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    Swimming beyond the Metropolis: The Kent Street Baths in Victorian Birmingham

    Day, D ORCID logoORCID: https://orcid.org/0000-0002-6511-1014 and Roberts, M (2021) Swimming beyond the Metropolis: The Kent Street Baths in Victorian Birmingham. Midland History, 46 (2). pp. 192-206. ISSN 0047-729X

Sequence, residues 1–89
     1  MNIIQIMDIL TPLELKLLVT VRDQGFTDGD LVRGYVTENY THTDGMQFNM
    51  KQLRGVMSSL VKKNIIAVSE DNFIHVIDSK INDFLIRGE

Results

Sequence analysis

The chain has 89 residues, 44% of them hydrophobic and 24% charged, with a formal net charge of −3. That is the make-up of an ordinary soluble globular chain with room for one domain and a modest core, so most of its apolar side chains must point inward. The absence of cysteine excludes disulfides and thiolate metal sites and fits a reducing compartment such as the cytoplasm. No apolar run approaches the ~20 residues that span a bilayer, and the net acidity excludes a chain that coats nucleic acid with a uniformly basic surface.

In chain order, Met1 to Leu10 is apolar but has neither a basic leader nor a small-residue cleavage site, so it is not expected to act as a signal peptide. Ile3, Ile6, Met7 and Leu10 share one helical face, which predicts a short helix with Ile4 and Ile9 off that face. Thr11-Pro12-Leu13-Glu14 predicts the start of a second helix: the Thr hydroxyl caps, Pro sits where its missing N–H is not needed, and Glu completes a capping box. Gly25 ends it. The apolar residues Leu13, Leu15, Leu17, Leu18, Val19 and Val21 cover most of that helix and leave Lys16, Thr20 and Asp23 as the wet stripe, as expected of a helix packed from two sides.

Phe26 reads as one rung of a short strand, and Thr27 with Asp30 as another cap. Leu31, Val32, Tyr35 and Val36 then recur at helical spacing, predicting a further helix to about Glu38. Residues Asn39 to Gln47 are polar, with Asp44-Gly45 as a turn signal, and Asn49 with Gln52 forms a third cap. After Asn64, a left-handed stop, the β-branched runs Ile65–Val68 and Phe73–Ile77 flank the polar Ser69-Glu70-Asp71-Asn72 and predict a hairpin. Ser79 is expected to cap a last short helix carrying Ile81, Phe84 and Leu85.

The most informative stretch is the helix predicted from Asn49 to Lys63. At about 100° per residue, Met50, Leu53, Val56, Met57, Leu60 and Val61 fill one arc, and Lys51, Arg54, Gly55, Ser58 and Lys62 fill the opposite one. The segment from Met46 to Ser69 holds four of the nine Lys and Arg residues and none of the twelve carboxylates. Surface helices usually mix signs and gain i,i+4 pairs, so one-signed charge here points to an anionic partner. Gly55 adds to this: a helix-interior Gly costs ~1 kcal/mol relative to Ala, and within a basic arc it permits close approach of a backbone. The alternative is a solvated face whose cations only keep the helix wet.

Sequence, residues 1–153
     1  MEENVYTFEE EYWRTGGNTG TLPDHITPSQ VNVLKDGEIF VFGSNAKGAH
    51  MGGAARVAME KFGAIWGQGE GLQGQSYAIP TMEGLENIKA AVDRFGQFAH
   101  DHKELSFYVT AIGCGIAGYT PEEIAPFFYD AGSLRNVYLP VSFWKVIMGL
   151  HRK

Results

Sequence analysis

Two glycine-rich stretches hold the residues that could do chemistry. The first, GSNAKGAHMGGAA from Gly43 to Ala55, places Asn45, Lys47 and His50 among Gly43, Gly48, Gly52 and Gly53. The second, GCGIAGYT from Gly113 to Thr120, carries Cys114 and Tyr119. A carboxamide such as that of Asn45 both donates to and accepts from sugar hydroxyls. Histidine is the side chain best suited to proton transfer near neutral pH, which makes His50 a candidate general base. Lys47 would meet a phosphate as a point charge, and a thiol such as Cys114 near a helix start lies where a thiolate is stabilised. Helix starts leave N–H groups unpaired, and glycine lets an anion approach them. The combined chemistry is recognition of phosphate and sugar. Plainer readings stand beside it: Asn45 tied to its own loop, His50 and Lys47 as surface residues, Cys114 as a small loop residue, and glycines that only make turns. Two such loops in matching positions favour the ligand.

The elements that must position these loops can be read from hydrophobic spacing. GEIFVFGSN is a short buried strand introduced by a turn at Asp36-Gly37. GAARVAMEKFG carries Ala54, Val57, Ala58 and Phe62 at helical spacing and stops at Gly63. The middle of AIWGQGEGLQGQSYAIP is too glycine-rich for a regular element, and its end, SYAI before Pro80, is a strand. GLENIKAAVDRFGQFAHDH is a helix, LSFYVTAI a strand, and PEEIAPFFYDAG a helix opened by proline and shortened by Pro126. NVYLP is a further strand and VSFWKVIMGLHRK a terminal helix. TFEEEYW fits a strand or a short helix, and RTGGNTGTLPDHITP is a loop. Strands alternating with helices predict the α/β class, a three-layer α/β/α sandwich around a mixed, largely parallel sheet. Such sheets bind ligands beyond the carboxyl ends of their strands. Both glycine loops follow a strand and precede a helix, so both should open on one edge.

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    Throughout the Victorian era, the availability of facilities and prevailing social attitudes were important influences on the swimming landscape. Middle-class concerns about the working classes led to the creation of municipal swimming baths following Acts of Parliament in 1846 and 1878 and these became hubs for the development of local swimming communities incorporating teachers, baths staff and users. Previously, swimming had been dependent on individual entrepreneurs, swimming professors, mostly operating in London, but amateur swimmers assumed control of the sport through their creation of clubs and the Amateur Swimming Association (ASA), which created the Midland Counties ASA. This paper draws on a range of sources, including archives, newspapers, and census records, to illustrate these transitions in the Midlands through a case study of the first 50 years of operation at the Kent Street Baths in Birmingham, which demonstrates the ways in which one local swimming community evolved, expanded and changed.

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